Ants Climbing a Tree (Mayi Shangshu, 蚂蚁上树)


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Another Homestyle Sichuan Dish

In the anthology of childhood tastes, 蚂蚁上树 (mǎyǐ shàngshù) was long buried for me beneath louder crowdpleasers like 红烧排骨 (hóngshāo páigǔ) or 红油抄手 (hóngyóu chāoshǒu). “Ants climbing a tree,” its literal translation, are so named for the way finely minced accoutrements cling to the 粉丝 (fěnsī), gelatinous tendrils of mung bean starch noodles imitating tree limbs. Yet mayi shangshu took me years to miss, or even think about. It’s only now that its discreetness amid redder, oilier, spicier stalwarts appeals to me so highly.

This is the home cooking you don’t see on most restaurant menus—someone has to go through the trouble of feeding (which is to say, loving) you personally for mayi shangshu to appear on your radar.

Differentiating Glass Noodles

Slippery in soups and slightly springy on their own, fensi (above left) are fine threads of mung bean noodle that soak up liquids and flavor very well. In English you’ll commonly find them called bean thread noodles, cellophane noodles, glass noodles and vermicelli. The same starch base is usually used in 凉粉 (liángfěn), strips of chilled mung bean (or pea, or sweet potato) jelly dressed under a chili oil topping.

When purchasing “glass noodles”, survey the packaging ingredients carefully. Lower quality mung bean noodles are often cut with pea starch, pea starch noodles are popular on their own, and sweet potato noodles are known as glass noodles too. They look similar, but sweet potato noodles (粉条, fěntiáo)/红薯粉, hóngshǔ fěn) are thick and chewy, while mung bean fensi are thin and elastic. On restaurant menus and item packaging, you won’t know what type or size “glass noodle” you’re getting unless you ask or read carefully.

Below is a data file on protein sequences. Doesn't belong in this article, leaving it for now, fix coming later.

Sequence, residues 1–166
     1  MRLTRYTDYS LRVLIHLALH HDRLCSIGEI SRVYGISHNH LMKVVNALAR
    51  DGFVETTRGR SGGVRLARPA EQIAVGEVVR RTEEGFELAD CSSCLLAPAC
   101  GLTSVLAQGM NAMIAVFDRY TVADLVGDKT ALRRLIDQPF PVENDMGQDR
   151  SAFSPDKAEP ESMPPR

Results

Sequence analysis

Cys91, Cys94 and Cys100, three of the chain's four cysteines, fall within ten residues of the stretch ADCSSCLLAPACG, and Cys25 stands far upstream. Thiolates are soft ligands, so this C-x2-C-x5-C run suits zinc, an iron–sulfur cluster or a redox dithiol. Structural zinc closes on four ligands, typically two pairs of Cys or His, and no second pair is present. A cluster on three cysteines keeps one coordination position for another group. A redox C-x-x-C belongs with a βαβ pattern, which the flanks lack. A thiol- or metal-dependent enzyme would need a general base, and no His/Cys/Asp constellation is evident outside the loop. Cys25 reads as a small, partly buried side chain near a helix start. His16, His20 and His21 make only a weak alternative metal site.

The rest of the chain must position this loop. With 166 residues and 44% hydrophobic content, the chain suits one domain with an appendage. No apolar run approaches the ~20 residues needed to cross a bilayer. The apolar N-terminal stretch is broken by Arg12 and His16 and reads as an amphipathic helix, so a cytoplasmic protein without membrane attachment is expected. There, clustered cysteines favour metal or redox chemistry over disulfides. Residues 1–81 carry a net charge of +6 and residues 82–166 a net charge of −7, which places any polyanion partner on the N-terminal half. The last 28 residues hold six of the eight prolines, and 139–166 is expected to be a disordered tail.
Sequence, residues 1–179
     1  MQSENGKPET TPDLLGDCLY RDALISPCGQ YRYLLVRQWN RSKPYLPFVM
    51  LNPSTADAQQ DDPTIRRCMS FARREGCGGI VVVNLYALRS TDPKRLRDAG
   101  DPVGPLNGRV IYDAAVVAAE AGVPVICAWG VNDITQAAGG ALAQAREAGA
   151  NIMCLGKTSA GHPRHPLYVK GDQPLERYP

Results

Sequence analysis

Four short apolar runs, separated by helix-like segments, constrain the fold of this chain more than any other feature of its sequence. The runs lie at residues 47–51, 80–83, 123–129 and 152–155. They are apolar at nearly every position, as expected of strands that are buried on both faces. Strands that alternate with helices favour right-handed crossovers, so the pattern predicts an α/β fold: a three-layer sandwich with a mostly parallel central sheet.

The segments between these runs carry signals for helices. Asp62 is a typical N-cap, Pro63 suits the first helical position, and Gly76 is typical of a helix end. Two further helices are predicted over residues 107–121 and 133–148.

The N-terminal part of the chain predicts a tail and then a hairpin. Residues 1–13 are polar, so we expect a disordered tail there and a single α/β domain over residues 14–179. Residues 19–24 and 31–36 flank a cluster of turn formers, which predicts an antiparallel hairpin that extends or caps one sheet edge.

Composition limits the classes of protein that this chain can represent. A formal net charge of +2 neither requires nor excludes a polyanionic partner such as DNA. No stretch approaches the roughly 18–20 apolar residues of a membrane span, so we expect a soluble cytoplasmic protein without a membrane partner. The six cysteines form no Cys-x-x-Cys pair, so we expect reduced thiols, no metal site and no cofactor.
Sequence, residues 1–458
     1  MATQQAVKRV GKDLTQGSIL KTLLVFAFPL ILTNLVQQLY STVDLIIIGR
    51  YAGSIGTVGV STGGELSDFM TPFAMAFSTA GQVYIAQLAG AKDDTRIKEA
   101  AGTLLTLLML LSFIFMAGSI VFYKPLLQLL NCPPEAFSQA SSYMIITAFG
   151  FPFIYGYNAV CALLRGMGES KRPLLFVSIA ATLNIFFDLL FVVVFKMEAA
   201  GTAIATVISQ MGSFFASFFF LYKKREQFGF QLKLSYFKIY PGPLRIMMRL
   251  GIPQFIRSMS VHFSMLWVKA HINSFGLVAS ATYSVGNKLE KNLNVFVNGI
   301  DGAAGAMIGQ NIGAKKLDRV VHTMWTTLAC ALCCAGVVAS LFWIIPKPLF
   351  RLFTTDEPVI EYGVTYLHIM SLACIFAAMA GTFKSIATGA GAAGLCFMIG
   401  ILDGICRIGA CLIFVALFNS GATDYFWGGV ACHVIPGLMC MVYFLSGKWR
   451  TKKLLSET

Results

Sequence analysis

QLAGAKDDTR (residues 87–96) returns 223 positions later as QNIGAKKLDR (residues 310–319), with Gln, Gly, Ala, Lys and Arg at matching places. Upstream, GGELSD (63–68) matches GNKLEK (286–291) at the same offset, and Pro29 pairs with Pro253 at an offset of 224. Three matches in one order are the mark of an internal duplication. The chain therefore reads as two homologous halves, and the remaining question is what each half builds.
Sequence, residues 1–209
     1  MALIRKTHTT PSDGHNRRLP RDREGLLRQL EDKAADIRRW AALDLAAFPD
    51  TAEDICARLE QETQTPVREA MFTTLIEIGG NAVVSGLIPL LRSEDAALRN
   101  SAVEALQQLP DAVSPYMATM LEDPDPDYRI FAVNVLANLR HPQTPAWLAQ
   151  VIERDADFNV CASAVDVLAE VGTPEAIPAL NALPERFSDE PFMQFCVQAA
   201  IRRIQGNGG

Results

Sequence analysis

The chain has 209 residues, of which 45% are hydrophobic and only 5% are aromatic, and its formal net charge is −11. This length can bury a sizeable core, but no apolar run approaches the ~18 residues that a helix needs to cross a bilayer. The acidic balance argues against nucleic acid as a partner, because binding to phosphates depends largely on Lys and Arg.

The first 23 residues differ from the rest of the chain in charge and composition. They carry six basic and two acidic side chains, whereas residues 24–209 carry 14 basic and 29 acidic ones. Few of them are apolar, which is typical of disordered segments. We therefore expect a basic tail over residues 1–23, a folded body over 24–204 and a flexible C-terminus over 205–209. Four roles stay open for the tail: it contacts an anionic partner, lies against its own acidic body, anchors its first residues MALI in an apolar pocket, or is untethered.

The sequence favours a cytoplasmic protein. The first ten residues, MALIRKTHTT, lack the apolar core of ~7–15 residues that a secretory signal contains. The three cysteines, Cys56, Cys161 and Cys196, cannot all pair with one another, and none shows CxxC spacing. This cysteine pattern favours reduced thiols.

Served in a drier dish like mayi shangshu, mung bean noodles retain their springy mouthfeel while chewy sweet potato noodles get a little tacky. Shape, size and texture are crucial elements to the harmony in Chinese dishes, and traditionally you’ll find mung bean and split pea noodles complement the pork mince best in mayi shangshu. These days, however, the chewiness of fentiao is increasingly popular. Taylor has seen this dish served both ways in Chengdu, where sweet potato noodles of all shapes and sizes are beloved.

Feel free to make mayi shangshu with any of these neutral-tasting glass noodles; the overall flavor won’t change. If you use sweet potato noodles, simply add a little sesame oil to counteract the tackiness. Many families fry the soaked noodles in oil to help prevent it from sticking, but I’ve not found this extra step necessary.

When Ants Climb Trees

The most important part of “ants climbing a tree” are the ants—everything that goes into the wok must be finely minced for the dish to work. Otherwise, the ants won’t be able to “climb the tree.” My heart grieves seeing mayi shangshu with big pieces of machine-ground pork that tumble down the sides of the noodles when lifted.